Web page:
Mr. Speaker, may I say what a pleasure it is to be back and to serve under your chairmanship for the first time? It is interesting how much has occurred. I have given birth to a baby, and an awful lot has occurred in Parliament in that same period.
My hon. Friend raises an important point, but we have no plans to review section 24 before we know the outcome of directive 86/609 on the protection of animals used for scientific purposes, which is currently being debated in the European Union.
Campaigners and politicians are rightly concerned by a 14 per cent. increase in the number of animal experiments licensed by the Home Office in 2008, yet section 24 denies them the information on which they can properly debate the direction of policy. Will the Government urgently review the operation of this democratically dubious legislation, despite any understandable concerns that they might have about animal rights extremism?
The situation is slightly more complex. There are two points in my hon. Friend’s question. One is about the total number of experiments. It is important to say that we do not have a percentage cap on the number of experiments that can take place, so more science can equal more experiments. We make an effort to ensure that most of those experiments are done on the least sentient animals, and that wherever there is an alternative, that has to be used.
On section 24, there was a review in 2004 prior to the Freedom of Information Act coming in. Another review was scheduled for 2006, but that was delayed because of a court action. That finished in 2008, at which point the draft European directive was published. It makes sense to align ourselves with that draft European directive, which borrows from the best practice in Britain, before we look at transposition, hopefully in the summer of next year.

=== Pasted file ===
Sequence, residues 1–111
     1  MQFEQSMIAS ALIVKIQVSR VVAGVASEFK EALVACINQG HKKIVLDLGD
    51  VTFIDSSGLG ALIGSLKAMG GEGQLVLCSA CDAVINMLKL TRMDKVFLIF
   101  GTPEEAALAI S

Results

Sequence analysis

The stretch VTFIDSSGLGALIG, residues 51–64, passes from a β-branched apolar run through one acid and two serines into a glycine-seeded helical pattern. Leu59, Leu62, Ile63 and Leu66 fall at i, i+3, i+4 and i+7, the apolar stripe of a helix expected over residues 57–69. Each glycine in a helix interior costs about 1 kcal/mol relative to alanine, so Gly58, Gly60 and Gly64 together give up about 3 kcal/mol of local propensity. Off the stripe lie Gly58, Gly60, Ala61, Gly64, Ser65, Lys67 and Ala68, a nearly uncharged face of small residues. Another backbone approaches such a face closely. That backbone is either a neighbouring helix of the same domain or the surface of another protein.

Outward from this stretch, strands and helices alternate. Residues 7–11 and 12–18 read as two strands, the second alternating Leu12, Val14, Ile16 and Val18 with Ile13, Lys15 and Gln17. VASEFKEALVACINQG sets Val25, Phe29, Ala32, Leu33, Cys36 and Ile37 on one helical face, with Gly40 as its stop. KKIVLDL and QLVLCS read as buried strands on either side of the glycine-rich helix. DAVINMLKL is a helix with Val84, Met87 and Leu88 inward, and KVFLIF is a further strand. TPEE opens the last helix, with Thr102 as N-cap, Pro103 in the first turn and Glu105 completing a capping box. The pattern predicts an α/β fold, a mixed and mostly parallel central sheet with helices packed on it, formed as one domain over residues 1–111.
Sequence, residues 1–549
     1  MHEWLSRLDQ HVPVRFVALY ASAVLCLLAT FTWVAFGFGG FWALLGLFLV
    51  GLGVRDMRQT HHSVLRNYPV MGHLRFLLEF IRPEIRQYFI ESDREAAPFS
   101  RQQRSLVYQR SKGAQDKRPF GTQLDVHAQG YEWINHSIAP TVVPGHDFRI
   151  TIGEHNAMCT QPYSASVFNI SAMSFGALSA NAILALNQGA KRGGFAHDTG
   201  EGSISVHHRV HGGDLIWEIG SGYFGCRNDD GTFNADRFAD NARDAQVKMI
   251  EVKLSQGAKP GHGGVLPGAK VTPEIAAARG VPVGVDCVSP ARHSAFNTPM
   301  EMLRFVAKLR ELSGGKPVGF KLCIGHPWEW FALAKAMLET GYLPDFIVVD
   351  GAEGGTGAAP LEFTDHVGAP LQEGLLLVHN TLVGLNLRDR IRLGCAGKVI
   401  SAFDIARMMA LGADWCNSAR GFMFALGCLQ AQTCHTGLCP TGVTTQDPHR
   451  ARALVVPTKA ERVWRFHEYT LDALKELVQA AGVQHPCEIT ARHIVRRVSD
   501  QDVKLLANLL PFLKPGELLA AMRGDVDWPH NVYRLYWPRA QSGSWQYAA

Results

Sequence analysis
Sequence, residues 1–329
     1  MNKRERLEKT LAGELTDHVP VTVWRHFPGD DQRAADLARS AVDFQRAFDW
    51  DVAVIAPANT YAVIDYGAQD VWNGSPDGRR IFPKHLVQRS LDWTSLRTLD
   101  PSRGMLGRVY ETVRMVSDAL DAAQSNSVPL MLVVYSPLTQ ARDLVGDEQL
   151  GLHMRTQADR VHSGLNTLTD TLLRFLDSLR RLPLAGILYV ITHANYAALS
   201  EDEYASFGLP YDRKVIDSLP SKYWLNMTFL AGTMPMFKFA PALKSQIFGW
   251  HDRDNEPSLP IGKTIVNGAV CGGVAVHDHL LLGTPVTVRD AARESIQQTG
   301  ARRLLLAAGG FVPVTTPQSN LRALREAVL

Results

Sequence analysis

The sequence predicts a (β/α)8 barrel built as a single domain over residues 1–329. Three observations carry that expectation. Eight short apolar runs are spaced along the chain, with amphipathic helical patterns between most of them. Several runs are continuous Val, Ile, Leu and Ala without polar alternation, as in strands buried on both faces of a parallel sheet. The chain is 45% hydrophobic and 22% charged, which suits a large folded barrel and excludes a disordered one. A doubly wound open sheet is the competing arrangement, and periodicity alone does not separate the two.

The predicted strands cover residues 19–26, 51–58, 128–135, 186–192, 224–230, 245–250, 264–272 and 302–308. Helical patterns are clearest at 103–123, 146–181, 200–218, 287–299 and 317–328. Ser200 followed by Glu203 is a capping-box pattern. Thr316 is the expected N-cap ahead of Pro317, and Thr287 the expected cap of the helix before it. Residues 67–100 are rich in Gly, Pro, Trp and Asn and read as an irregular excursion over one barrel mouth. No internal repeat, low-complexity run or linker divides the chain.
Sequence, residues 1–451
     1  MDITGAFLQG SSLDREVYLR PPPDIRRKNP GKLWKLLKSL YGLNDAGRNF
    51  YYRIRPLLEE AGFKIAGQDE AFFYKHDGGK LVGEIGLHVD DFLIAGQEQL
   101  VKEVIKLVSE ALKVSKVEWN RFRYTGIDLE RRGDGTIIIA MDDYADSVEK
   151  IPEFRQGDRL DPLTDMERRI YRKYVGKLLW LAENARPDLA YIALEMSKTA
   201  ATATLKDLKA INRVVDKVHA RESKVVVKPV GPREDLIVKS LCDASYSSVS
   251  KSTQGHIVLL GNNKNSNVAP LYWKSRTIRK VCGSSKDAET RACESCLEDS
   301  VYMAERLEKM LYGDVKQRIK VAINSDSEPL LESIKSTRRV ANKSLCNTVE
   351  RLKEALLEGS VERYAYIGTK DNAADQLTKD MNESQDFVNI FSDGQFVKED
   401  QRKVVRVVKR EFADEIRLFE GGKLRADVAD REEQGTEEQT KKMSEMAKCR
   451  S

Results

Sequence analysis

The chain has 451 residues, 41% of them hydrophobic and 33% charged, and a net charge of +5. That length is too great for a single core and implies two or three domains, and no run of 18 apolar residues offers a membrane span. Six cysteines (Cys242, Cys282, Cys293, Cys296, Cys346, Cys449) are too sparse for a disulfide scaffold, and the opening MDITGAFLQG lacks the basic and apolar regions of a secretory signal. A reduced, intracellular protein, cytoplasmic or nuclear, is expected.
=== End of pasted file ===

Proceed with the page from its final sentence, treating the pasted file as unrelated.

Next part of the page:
Will the Minister acknowledge that despite Labour’s promise to cut the number of scientific procedures involving animals, levels have risen to numbers not seen for up to 20 years? Until we legislate appropriately for greater transparency in this area, how does she envisage implementing the Government’s promise?
I refer to my earlier point. It is a simple maths lesson, in a sense. If more science is proposed, more experiments are likely to come before the animals scientific procedures division to see whether it is acceptable to carry out those experiments. At all times the Home Office inspectorate looks very carefully at the suggestions put forward, ensuring that only experiments that can be done only on animals are agreed. If not, alternatives have to be used. We have also invested an awful lot of money in the National Centre for the Replacement, Refinement and Reduction of Animals in Research—NC3Rs—to reduce the use of animals in experiments, but more science in the global context is something that we should welcome, even if it sometimes leads to perverse outcomes, as in this case.